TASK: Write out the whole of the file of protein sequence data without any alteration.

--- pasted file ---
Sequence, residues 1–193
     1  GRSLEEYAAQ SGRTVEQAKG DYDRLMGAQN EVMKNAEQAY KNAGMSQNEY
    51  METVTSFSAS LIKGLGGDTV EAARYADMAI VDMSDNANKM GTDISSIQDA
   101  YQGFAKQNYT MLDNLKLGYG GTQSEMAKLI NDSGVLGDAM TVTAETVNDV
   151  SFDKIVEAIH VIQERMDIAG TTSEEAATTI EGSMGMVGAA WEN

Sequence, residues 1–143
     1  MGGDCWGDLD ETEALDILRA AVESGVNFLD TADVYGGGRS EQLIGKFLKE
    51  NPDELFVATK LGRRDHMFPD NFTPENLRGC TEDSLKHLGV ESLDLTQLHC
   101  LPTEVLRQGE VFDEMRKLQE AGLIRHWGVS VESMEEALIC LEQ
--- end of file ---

Sequence, residues 1–193
     1  GRSLEEYAAQ SGRTVEQAKG DYDRLMGAQN EVMKNAEQAY KNAGMSQNEY
    51  METVTSFSAS LIKGLGGDTV EAARYADMAI VDMSDNANKM GTDISSIQDA
   101  YQGFAKQNYT MLDNLKLGYG GTQSEMAKLI NDSGVLGDAM TVTAETVNDV
   151  SFDKIVEAIH VIQERMDIAG TTSEEAATTI EGSMGMVGAA WEN

Sequence, residues 1–143
     1  MGGDCWGDLD ETEALDILRA AVESGVNFLD TADVYGGGRS EQLIGKFLKE
    51  NPDELFVATK LGRRDHMFPD NFTPENLRGC TEDSLKHLGV ESLDLTQLHC
   101  LPTEVLRQGE VFDEMRKLQE AGLIRHWGVS VESMEEALIC LEQ